"Had the full might of the British Army been used to keep power stations and other essential services running, the strike would probably have collapsed. It was the British Army's policy which ensured that the strike was a success and the unionist leader Brian Faulkner's experiment in sharing power with Catholics collapsed."
In a dynamically presented and researched study, Larkin argues that we can only understand events that shaped the conflict in the North in the wider global context of "a massive international right wing offensive" — an offensive that included military coups, and attempted military coups, in Argentina, Chile, Greece and Spain and in which extreme right-wing elements within the British ruling elite subverted and gained control over key power blocs within the apparatus of state.
And as Larkin points out, the establishment and utilisation of state-sponsored death squads was a feature of all these right-wing strategists. "The Triple A death squads which stalked the streets of Buenos Aires in the mid-1970s in the run up to the coup in March 1976 carried exactly the same political message as their right wing allies in Chile, where there was a right- wing military coup in 1973.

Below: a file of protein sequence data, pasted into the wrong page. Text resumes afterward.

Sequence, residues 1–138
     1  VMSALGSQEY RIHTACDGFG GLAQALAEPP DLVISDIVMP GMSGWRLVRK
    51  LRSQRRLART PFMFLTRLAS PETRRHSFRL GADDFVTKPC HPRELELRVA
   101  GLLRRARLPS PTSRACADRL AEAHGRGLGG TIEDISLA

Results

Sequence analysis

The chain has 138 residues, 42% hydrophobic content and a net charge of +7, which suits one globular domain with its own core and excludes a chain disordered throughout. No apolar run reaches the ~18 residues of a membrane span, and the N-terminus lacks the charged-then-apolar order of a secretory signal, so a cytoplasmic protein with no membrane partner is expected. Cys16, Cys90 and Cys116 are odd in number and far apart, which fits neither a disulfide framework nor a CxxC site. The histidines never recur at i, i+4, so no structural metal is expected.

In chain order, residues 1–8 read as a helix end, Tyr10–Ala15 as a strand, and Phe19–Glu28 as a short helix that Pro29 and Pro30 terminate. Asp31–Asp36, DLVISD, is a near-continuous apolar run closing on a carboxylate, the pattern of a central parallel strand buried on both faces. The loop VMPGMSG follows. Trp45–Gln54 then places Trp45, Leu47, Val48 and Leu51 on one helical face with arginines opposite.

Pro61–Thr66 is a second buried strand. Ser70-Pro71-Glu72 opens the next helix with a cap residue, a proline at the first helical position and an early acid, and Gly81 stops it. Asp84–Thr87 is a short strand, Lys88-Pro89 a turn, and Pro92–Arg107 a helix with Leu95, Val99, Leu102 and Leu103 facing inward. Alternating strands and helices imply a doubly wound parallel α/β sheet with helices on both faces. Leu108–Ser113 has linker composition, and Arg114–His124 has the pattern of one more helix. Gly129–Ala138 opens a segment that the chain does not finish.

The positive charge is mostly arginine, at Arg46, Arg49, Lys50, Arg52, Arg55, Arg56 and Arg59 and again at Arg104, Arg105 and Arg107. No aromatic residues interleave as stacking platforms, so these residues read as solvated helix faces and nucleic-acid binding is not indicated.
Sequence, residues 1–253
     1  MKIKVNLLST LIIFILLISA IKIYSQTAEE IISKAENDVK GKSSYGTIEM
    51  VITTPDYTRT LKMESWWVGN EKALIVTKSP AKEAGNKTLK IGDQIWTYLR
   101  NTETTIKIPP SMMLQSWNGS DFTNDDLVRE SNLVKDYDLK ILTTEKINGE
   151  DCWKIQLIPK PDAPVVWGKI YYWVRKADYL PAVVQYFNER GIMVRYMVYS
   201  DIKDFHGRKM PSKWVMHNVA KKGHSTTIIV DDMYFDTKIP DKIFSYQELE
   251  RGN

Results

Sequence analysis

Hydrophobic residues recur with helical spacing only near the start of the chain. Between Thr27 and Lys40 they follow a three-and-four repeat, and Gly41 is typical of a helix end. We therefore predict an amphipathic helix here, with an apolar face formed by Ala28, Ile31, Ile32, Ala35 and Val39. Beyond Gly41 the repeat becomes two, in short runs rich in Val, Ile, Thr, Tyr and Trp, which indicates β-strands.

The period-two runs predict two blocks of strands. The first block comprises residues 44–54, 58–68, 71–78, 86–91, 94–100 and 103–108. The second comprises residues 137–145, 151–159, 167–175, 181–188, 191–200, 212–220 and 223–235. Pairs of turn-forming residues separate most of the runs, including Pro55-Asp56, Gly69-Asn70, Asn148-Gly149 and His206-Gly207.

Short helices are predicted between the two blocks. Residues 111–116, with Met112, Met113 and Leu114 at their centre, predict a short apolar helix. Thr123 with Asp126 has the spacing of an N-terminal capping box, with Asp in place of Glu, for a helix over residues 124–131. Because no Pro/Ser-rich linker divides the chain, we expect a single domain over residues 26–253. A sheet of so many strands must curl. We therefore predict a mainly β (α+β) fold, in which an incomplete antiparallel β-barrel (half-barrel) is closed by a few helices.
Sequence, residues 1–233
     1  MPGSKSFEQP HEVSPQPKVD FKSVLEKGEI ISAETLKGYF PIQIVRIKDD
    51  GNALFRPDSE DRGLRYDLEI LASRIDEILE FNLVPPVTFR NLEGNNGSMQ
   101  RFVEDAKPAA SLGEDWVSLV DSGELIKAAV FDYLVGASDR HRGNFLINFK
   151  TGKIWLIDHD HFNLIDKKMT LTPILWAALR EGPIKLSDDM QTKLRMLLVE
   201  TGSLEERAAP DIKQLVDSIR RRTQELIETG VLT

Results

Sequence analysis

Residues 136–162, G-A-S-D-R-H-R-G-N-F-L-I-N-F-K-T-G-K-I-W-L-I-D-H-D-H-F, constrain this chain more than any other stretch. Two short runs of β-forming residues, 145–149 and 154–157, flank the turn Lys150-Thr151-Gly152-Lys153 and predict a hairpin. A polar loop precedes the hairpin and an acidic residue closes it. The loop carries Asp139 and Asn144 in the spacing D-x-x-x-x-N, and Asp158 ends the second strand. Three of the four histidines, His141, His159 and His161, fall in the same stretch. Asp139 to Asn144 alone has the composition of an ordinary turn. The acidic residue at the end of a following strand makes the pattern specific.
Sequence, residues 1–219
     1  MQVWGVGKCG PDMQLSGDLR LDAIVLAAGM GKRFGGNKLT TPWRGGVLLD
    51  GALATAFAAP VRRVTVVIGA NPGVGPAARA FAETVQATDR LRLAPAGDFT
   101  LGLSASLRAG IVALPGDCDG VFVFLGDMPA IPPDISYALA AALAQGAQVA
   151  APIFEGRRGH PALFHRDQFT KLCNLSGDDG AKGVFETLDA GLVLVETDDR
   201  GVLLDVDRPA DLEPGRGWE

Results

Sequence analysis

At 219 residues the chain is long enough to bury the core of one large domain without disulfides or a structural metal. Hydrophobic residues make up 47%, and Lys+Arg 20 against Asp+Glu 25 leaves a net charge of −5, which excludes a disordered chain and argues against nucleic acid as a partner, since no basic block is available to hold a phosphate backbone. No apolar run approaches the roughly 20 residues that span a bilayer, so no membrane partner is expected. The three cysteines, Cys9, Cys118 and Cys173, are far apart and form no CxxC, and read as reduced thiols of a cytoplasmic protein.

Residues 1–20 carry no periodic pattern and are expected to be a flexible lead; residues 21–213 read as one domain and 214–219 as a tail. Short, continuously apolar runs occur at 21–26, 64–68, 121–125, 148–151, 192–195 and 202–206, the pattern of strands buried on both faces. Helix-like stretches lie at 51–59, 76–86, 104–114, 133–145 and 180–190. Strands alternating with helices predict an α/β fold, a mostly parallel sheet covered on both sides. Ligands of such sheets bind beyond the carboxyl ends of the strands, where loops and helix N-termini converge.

"These dramatic and momentous worldwide developments carried a political message which was aimed not only at left-wing revolutionary groups but all progressive elements and can be summed up as: 'forget your dreams of equality and justice, we are here to snuff them out'."
Larkin acknowledges that the scale of state-sponsored death squad killing carried out in Ireland does not match the mass slaughter experienced in places like Indonesia and Argentina but Ireland, particularly the Six Counties, where most of the killing has taken place, is relatively small.
"The secret state's war in Ireland was up close and personal, and fed by two voracious types of paranoia which linked that war to worldwide events at the time. The first type of paranoia was the international and consciously created lie that Soviet style 'communism' was set to take over the globe. The second paranoia was the British ruling class's pathological distrust of the Irish."
Larkin names the network of plotters and their military and political allegiances at the heart of the British system and identifies their role in the developing conflict in the north of Ireland. It involves 'gentlemen's clubs' like the Monday Club, the Castlereagh Dining Club and the Clermont set, described by Larkin as British upper class fraternities.
"The membership of these clubs may represent a rare breed but it also comprised the very top of the permanent government."
It involves agencies like MI6's Information Research Department (IRD), opened in Singapore in 1965 to spread disinformation and anti-communist propaganda and the Institute for the Study of Conflict (ISC), set up in 1968 with CIA backing. And it involves some of the most secret units within the British Army, veterans of the Special Operations Executive, the forerunner of the SAS.